An electrifying Lenny Kravitz blows the Cult off the stage in Vancouver

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ORIGINALLY PUBLISHED IN THE GEORGIA STRAIGHT, JAN. 16, 1992

When I saw local singing sensation Sarah McLachlan pick up her coat and leave the press box after Lenny Kravitz’s opening slot for the Cult, I thought: “Geez, she could have stuck around for a couple of rockin’ Cult tunes.”

But, as it turned out, the divine Ms. M. had the right idea: she’d already seen the best, so why worry ’bout the rest? Kravitz was King of the Coliseum on Saturday (January 11), that’s for sure.

Looking ’60s cool with a multicoloured vest and furry boots with dangling fluffy balls, the dreadlocked maestro of funky, soulful pop clearly beat Ian Astbury to the latter’s self-appointed task of turning the concert into a spiritual event. “I don’t want to start preaching,” announced Kravitz, “but many problems in this world have to be dealt with, and I believe we’re the last generation to save this place.”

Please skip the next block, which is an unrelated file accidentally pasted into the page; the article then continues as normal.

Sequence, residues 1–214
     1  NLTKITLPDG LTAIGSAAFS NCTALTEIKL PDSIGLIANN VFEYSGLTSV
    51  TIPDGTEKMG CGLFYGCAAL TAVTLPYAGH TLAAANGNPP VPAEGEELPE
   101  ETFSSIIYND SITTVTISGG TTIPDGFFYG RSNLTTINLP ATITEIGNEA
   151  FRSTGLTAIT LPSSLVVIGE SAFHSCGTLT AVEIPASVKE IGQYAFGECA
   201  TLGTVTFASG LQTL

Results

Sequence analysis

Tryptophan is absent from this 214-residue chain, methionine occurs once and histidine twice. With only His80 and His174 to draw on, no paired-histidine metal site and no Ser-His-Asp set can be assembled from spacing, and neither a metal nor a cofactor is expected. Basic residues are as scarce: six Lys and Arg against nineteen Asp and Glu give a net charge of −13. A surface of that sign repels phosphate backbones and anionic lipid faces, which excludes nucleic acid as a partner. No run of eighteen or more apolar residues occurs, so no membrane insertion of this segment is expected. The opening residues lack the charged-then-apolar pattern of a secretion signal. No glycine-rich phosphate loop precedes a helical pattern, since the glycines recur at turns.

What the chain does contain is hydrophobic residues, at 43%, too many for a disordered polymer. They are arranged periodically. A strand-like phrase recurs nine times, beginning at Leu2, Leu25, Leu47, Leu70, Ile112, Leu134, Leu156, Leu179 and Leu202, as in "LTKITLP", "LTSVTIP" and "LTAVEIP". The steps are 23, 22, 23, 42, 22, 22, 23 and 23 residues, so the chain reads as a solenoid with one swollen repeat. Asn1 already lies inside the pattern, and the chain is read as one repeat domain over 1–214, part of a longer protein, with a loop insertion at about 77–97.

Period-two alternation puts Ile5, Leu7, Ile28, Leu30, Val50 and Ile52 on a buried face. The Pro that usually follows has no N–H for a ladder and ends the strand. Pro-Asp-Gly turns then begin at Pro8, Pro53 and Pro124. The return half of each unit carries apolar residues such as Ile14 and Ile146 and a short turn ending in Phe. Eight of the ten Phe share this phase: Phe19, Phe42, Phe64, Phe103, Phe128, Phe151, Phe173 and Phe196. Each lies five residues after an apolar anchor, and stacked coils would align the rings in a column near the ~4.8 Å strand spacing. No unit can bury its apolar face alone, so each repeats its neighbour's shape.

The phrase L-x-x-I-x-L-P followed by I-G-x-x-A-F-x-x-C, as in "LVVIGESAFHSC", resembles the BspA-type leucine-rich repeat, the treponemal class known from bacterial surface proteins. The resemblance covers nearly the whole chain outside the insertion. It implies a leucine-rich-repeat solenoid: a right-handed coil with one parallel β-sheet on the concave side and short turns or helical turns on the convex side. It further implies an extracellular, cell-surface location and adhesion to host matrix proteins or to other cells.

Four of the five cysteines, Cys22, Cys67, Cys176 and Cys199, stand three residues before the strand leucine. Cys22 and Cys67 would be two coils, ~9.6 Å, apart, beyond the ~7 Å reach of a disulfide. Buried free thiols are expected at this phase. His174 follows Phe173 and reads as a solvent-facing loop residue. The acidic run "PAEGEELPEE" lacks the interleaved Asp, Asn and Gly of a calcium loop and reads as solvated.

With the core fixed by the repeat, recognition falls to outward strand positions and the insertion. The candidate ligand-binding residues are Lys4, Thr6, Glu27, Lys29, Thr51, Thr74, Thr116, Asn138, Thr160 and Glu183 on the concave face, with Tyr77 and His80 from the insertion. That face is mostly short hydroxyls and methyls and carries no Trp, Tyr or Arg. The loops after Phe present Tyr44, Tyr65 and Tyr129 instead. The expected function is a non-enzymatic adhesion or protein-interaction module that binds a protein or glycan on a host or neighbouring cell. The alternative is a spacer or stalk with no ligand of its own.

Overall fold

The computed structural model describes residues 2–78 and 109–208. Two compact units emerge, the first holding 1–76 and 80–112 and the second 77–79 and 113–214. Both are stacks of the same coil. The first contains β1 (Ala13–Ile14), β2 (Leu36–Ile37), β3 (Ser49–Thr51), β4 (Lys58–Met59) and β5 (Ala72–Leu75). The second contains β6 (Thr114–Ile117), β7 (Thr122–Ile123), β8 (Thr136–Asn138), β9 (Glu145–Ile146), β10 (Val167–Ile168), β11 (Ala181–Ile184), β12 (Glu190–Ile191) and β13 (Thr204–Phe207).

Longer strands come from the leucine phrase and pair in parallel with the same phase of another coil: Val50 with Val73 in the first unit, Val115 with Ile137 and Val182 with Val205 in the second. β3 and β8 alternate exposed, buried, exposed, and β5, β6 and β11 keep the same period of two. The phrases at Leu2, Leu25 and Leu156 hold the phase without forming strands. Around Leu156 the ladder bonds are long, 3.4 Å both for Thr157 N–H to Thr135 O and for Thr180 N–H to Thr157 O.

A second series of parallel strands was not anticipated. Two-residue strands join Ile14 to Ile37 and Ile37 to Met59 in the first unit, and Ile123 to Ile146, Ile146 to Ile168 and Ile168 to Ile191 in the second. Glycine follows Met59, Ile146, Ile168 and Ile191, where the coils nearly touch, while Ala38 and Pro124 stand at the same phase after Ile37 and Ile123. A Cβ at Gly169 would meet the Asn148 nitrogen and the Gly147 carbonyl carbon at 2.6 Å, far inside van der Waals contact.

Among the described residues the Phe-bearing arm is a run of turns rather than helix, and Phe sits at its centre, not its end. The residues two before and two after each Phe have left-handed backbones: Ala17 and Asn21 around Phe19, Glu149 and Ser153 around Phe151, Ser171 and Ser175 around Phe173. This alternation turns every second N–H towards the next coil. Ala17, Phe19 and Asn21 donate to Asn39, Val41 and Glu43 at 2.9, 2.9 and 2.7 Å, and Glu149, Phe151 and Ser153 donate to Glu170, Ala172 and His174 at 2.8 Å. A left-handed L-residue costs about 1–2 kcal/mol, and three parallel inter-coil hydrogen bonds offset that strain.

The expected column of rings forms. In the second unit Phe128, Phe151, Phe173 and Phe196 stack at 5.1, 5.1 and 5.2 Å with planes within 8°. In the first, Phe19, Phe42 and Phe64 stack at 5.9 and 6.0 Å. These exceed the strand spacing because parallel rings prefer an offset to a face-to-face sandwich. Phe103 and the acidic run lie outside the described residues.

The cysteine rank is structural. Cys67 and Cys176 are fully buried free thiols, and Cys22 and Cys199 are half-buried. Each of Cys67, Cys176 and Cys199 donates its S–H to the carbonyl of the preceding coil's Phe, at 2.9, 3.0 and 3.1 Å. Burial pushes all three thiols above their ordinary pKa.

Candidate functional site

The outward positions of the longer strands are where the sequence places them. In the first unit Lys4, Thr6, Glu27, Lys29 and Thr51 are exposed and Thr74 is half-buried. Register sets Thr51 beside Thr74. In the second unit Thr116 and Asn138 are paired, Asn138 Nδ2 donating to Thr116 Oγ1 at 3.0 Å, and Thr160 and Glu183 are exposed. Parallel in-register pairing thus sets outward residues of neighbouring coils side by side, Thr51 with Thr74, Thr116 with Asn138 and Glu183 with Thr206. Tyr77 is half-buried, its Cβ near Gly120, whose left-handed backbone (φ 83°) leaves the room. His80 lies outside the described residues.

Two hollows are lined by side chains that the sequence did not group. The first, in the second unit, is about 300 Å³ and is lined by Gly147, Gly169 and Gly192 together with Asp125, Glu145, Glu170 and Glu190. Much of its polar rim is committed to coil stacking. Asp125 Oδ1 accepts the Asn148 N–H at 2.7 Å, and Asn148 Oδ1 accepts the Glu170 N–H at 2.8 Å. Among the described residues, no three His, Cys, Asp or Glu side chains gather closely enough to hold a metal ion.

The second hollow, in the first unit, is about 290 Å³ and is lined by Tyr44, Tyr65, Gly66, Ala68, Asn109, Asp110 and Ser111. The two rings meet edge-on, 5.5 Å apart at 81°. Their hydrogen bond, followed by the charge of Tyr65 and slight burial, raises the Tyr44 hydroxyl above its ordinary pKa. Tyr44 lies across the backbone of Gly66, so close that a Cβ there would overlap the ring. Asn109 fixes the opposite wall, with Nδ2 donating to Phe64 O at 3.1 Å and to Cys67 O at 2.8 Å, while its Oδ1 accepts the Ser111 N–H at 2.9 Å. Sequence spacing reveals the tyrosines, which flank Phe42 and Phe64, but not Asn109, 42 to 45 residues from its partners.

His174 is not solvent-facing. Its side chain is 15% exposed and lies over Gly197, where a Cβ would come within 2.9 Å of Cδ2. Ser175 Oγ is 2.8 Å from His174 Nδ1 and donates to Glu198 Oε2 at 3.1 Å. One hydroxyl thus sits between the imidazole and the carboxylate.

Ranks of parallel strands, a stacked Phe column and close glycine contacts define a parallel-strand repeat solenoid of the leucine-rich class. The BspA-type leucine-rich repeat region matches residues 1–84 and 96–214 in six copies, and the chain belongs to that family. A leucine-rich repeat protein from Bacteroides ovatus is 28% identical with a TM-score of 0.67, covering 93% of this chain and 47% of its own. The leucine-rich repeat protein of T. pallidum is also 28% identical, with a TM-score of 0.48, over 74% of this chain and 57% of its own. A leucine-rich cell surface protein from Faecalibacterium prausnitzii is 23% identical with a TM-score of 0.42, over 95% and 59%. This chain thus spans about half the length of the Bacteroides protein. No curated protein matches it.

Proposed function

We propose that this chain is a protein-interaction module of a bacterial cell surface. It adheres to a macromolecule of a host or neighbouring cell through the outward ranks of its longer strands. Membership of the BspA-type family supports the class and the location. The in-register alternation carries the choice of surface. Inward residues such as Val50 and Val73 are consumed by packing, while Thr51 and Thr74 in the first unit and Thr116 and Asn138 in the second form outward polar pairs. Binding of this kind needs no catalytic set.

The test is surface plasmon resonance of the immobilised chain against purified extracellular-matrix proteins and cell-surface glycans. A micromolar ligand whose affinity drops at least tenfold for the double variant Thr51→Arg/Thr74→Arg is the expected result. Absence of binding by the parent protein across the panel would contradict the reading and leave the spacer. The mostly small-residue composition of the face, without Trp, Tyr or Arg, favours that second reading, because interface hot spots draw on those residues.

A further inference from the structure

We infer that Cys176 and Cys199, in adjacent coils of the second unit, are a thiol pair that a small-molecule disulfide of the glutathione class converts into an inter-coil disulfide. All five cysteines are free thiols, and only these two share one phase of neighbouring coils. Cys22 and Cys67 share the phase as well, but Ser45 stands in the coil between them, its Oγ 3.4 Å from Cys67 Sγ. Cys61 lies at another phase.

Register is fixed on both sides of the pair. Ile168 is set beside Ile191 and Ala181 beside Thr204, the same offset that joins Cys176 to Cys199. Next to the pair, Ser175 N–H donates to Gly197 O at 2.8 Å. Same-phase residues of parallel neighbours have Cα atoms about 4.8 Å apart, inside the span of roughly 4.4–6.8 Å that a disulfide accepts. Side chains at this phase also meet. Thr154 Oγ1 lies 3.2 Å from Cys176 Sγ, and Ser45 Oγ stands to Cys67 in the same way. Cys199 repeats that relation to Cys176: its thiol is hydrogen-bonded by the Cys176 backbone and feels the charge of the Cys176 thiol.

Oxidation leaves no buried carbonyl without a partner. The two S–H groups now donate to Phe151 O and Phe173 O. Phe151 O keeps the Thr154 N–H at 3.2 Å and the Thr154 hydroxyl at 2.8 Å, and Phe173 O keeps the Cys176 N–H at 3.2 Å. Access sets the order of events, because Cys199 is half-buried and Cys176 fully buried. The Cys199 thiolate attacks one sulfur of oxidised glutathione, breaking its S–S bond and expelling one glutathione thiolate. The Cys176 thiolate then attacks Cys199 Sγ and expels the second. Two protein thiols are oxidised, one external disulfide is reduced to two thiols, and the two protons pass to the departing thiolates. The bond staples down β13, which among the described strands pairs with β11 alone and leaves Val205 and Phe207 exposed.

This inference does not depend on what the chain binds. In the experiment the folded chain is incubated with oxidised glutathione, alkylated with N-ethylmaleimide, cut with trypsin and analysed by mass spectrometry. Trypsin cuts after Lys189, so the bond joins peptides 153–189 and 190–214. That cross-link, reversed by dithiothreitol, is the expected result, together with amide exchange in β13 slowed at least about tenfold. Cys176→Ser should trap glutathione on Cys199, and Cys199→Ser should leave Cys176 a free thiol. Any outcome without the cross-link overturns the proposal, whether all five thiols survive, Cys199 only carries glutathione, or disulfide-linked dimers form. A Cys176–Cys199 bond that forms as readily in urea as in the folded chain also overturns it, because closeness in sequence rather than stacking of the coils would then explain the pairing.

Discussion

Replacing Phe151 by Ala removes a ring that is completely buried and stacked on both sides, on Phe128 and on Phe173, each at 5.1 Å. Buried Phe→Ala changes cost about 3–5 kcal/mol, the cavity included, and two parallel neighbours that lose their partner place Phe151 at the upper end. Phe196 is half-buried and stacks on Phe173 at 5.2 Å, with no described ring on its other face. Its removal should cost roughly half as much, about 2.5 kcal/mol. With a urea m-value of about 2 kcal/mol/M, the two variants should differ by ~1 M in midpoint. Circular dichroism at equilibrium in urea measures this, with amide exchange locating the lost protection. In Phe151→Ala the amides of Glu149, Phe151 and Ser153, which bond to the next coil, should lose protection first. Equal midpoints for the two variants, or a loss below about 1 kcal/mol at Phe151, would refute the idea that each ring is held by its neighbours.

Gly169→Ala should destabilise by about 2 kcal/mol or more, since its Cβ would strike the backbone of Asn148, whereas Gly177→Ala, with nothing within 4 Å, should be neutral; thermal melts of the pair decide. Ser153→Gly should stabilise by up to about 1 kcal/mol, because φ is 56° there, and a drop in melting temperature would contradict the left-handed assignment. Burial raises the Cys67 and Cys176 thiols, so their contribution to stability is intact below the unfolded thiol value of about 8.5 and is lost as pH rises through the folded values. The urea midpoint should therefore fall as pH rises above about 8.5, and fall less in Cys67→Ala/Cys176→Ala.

Then he beseeched the crowd to hold hands for “Let Love Rule” before casually vaulting over the stage-front barricade and greeting the enthusiastic horde in the flesh, with nary a thought for his own safety. After that brave stint, he received a tremendous ovation—one normally reserved for headlining acts—and returned to the stage for a compelling version of “It Ain’t Over Till It’s Over”.

In comparison to Kravitz’s electrifying show, the Cult’s twice-as-long performance was only half as good. The sound was great for the Coliseum—with the best drum mix since last year’s AC/DC shows—and was accompanied by a classy, not-too-flashy light show, but several tunes seemed to go on forever, and others (like “American Horse”) were boring to begin with.

Still, Cult faves like “She Sells Sanctuary”, “Love Removal Machine”, and “Fire Woman” (dedicated to Vancouver studio pros Bob Rock and Mike Fraser) left most of the near sell-out crowd satiated.

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